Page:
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Zenith City

Stories from Duluth

2014
Author:

Michael Fedo

Zenith City

Tales of Duluth from, if not its favorite son, then perhaps its best storyteller

Here, among Michael Fedo’s graceful, poignant, and often hilarious reflections are the coordinates of Duluth’s larger landscape: the diners and supper clubs, the baseball teams, radio days, and the smelt-fishing rites of spring. Together these essays create a picture of people in a place as rich in history and anecdote as Duluth and of the forces that forever bind them together.

A memoir, with a smattering of local history, Fedo’s collection will engage any reader with his fond and frank reminiscences of family life combined with vivid recollections of his native Duluth as it once was and, in many ways, still is. Thoroughly enjoyable.

Jim Heffernan, author of Cooler Near the Lake: Fifty-two Favorites from Thirty-four Years of Deadlines

Duluth may be the city of “untold delights” as lampooned in a Kentucky congressman’s speech in 1871. Or it may be portrayed by a joke in Woody Allen’s film Manhattan. Or then again, it may be the “Zenith City of the unsalted seas” celebrated by Dr. Thomas Preston Foster, founder of the city’s first newspaper. But whatever else it may be, this city of granite hills, foghorns, and gritty history, the last stop on the shipping lanes of the Great Lakes, is undeniably a city with character—and characters. Duluth native Michael Fedo captures these characters through the happy-go-melancholy lens nurtured by the people and landscape of his youth. In Zenith City Fedo brings it back home. Framed by his reflections on Duluth’s colorful—and occasionally very dark—history and its famous visitors, such as Sinclair Lewis, Joe DiMaggio, and Bob Dylan, his memories make the city as real as the boy next door but with a better story.

Here, among the graceful, poignant, and often hilarious remembered moments—pranks played on a severe teacher, the family’s unlikely mob connections, a rare childhood affliction—are the coordinates of Duluth’s larger landscape: the diners and supper clubs, the baseball teams, radio days, and the smelt-fishing rites of spring. Woven through these tales of Duluth are Fedo’s curious, instructive, and ultimately deeply moving stories about becoming a writer, from the guidance of an English teacher to the fourteen-year-old reporter’s interview with Louis Armstrong to his absorption in the events that would culminate in his provocative and influential book The Lynchings in Duluth.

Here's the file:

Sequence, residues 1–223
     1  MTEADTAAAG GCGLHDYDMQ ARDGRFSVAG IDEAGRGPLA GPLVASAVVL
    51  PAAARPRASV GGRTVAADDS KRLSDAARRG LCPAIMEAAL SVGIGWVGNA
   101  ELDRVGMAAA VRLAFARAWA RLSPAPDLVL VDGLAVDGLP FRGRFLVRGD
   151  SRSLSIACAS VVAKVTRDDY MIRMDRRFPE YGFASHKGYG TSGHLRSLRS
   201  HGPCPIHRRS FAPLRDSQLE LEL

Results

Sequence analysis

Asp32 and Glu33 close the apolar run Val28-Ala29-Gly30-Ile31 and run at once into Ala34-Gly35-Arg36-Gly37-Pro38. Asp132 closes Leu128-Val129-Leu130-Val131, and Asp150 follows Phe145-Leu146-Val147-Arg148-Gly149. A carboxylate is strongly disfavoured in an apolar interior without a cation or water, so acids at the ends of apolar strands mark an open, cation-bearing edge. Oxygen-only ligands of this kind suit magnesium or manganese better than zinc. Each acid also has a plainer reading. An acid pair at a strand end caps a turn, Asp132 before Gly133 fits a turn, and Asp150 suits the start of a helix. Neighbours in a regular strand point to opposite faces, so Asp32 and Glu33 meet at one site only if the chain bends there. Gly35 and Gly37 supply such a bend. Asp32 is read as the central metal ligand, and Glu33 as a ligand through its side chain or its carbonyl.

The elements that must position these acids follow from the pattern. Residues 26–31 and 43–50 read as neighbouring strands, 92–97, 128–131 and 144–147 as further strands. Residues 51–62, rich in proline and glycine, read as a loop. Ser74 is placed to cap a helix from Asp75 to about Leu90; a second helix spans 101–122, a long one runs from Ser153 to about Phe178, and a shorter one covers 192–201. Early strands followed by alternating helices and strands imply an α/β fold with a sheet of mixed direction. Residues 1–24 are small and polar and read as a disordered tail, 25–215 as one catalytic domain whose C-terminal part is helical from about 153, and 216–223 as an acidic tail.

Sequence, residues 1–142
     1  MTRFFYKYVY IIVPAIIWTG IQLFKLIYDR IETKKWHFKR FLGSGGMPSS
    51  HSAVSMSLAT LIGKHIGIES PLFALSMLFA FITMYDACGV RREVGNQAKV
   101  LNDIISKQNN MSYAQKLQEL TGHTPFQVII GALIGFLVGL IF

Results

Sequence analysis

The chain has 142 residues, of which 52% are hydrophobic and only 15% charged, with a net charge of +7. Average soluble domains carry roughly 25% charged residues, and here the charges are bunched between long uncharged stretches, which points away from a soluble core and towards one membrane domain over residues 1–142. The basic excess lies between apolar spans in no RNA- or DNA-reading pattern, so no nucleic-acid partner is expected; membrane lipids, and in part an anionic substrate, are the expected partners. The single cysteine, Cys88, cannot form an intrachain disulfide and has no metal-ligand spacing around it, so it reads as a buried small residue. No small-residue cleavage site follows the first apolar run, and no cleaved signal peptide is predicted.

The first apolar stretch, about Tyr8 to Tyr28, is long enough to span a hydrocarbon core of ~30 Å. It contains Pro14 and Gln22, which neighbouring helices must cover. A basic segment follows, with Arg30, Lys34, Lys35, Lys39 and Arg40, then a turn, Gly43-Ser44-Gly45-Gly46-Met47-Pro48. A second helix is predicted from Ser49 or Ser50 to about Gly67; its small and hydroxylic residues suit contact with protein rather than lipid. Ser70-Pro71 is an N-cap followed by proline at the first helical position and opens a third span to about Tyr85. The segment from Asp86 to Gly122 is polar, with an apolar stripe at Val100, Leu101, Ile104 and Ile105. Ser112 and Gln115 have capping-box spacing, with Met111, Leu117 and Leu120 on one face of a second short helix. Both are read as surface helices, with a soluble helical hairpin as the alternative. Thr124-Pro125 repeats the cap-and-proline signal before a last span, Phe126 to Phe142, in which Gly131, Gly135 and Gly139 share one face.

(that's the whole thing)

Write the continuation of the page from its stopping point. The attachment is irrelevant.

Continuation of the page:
These are the sorts of essays—personal, cultural, and historical, at once regional and far-reaching—that together create a picture of people in a place as rich in history and anecdote as Duluth and of the forces that forever bind them together.

Zenith City

Michael Fedo, Minnesota stringer for the New York Times and the Christian Science Monitor from 1970 to 1985, is the author of many books, including The Lynchings in Duluth, The Man from Lake Wobegon, the novel Indians in the Arborvitae, One Shining Season, and A Sawdust Heart: My Vaudeville Life in Medicine and Tent Shows, by Henry Wood as told to Michael Fedo (Minnesota, 2011).

Zenith City

A memoir, with a smattering of local history, Fedo’s collection will engage any reader with his fond and frank reminiscences of family life combined with vivid recollections of his native Duluth as it once was and, in many ways, still is. Thoroughly enjoyable.

Jim Heffernan, author of Cooler Near the Lake: Fifty-two Favorites from Thirty-four Years of Deadlines

For Duluthians, this prodigiously chronicled memoir will delight, awaken, and inform you of a place you thought you knew. Rising above the delicious details and references is a story of growing up in Middle America at a time not so long ago that seems of another era.

Wing Young Huie

[Fedo’s] Zenith City won’t make you feel warm and fuzzy. But you will learn some truths about Duluth and about one of its too many good ones who got away.

Star Tribune

In vivid and colorful detail, Michael Fedo recovers a lost Duluth.

MinnPost

His nostalgic, bittersweet, sometimes clinical memories remain sharp in this book of essays.

The Weekly Standard

Zenith City

Contents

Introduction

This Is Duluth!
Miss Weddel and the Rats
The Roomer
School Days
The Voice
Beware the Ides of March
He Believed Writers Are Made, Not Born
Sinclair Lewis’s Duluth
Diners, Dives, No Drive-ins
Thou Shalt Not Shine
Dad’s Legacy
My Father and the Mobster
A Family Informed by Pyloric Stenosis
The Unmaking of a Missionary
The Hill
Discovering Rita
The Grand Piano Smelt
Cousin Jean
Uncle See-See’s Secret?
Radio Days
The Tree
Keep Your Eyes Open
Baseball Days
Joe DiMaggio Turns His Lonely Eyes toward the Girl at 2833 West Third Street
Jogging with James Joyce
At the Flame
For a Moment Dylan Played in Our Shadow
Christmas with the Klines
Remembering Satchmo
Broxie
Brotherhood Week in Duluth
A Life Informed by a Lynching

Acknowledgments
Publication History

Zenith City

UMP blog: As it turns out, you can go home again.

For all the notoriety surrounding Thomas Wolfe's 1940 posthumous novel You Can't Go Home Again, the title had it wrong. We can go home again. And in truth, we never leave, because home permanently inhabits our souls. Home is more than place—it is personal, foundational, and it defines us.

Read the full article.